Critique of the NAAC

                      WHY CAN'T
                      ANARCHISTS BE
                      When people make the choice to call themselves
                      anarchists, I assume they mean that they are
                      making a choice about how they want to go about
                      their lives, their projects and the creation of
                      revolution. There are plenty of other perspectives
                      on how to go about creating social transformation,
                      that there is no need for those who don’t wish to go
                      about their projects in an anarchist manner to use
                      that label. Thus, when I went to the anarchist
                      conference in L.A., I was disappointed, not in the
                      level of discussion or the sort of people who
                      showed up—I had no expectations for the former
                      and am aware enough of the general make-up of
                      the anarchist movement to expect a predominantly
                      young white turn-out for such a thing. What
                      disappointed me was that the conference itself was
                      not organized in an anarchist manner.

                      When people call themselves anarchists, they are
                      stating that they absolutely reject all state
                      institutions, all external rule and all delegation of
                      the decisions relating to their lives and actions.
                      This is simply a most basic definition of what
                      anarchism is. On a practical level, this means that
                      in creating our projects, we refuse to imitate state
                      institutions, we avoid making hard and fast rules
                      and we only make decisions that relate directly to
                      what is necessary for us to accomplish our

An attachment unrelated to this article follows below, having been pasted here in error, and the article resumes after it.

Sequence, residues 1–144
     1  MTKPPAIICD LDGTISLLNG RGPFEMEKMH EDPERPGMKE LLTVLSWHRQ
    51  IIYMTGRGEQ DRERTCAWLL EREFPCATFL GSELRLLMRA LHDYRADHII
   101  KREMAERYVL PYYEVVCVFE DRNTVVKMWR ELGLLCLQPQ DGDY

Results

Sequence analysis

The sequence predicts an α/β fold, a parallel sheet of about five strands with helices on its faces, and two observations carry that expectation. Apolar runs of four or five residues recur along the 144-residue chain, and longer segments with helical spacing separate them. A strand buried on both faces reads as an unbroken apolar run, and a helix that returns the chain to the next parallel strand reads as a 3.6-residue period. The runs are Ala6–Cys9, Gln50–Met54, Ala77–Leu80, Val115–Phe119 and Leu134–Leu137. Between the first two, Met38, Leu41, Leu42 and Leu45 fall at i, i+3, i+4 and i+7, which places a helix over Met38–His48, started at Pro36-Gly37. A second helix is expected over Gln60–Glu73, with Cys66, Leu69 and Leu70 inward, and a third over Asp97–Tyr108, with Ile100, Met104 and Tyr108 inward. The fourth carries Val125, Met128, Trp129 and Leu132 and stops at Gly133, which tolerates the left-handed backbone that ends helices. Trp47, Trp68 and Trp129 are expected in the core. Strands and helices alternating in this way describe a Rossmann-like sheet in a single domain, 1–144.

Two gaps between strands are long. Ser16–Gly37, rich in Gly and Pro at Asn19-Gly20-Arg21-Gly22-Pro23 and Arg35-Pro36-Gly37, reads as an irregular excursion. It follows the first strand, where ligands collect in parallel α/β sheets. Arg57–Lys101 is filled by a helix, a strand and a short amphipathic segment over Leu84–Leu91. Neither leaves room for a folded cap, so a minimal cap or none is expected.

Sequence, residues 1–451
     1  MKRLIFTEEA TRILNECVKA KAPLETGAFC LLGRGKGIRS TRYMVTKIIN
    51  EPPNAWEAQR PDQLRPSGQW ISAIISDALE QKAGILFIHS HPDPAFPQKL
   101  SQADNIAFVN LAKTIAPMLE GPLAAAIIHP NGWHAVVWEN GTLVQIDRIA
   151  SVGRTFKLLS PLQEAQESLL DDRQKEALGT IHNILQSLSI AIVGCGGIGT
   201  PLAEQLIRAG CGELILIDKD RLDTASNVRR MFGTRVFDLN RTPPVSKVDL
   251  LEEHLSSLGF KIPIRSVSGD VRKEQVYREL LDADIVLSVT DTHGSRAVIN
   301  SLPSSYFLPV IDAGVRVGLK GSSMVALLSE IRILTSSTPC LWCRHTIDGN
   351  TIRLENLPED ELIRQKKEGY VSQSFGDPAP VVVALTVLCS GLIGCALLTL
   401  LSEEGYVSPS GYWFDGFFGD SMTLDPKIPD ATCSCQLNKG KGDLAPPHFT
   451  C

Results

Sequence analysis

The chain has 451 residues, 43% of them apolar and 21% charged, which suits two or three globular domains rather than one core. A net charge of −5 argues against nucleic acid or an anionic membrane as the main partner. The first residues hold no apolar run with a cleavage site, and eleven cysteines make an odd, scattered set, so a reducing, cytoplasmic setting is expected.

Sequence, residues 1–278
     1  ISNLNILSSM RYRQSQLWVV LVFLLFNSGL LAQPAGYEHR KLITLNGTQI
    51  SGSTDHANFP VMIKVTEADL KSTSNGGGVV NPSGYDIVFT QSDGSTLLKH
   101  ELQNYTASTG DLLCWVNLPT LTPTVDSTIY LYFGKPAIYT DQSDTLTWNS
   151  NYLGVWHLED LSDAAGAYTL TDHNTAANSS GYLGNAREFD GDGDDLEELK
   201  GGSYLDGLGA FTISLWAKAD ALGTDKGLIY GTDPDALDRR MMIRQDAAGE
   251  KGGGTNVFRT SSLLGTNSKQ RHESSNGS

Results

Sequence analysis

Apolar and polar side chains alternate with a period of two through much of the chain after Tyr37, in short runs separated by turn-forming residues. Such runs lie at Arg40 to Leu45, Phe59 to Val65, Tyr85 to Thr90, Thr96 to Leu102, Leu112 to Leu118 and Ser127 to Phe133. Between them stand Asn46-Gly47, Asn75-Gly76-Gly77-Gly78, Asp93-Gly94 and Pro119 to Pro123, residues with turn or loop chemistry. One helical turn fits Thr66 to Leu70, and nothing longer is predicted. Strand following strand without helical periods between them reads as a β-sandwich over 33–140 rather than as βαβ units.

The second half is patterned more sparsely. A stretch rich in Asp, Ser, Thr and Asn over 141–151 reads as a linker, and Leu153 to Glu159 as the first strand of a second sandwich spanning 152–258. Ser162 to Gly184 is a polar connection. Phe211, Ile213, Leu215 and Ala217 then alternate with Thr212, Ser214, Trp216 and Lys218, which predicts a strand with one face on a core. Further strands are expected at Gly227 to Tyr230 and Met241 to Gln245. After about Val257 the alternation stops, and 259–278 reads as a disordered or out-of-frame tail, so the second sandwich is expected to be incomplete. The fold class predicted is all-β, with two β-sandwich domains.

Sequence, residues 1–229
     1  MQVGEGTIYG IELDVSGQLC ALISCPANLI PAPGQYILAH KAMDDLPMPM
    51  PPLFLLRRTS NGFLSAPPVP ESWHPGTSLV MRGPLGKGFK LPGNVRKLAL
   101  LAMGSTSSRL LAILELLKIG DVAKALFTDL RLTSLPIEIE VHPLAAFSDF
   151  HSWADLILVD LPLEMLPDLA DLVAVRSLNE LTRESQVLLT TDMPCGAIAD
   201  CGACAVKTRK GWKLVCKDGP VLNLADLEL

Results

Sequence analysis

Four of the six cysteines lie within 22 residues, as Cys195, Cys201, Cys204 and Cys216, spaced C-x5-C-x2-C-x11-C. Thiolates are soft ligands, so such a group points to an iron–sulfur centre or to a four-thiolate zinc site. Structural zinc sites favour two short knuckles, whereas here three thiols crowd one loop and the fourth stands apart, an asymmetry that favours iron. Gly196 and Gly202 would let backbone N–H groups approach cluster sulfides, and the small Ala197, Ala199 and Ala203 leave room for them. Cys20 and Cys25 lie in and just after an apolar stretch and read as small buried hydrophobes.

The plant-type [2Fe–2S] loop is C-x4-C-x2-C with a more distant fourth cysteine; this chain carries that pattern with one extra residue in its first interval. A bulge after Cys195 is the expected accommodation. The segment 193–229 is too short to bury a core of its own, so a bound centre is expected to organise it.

projects—not decisions that relate to or could affect
                      the actions of our comrades who are not involved in
                      the decision-making process. The NAAC fails on all

                      I recognize that planning a continental anarchist
                      conference is a difficult task. If anything though I
                      would think that such a daunting task would move
                      those involved to try and make it as simple as
                      possible for themselves—limiting their activities to
                      arranging a space and possibly—out of
                      hospitality—some food, taking care of publicity and
                      scheduling, and being available to give people
                      information about what was going on. In other
                      words, it would have made sense—from both an
                      anarchist and a practical perspective—if the
                      organizers had stuck to simply organizing the event
                      and not trying to organize beforehand the behavior
                      of those who came.

                      When I came to the place where the conference
                      was taking place, I was immediately confronted with
                      a sign telling me that I was not allowed to drink or
                      take drugs and was to avoid talking about illegal
                      activities. I had never been given a say in these
                      restrictions—they were rules made over my
                      head—that is to say, laws. I was not greeted or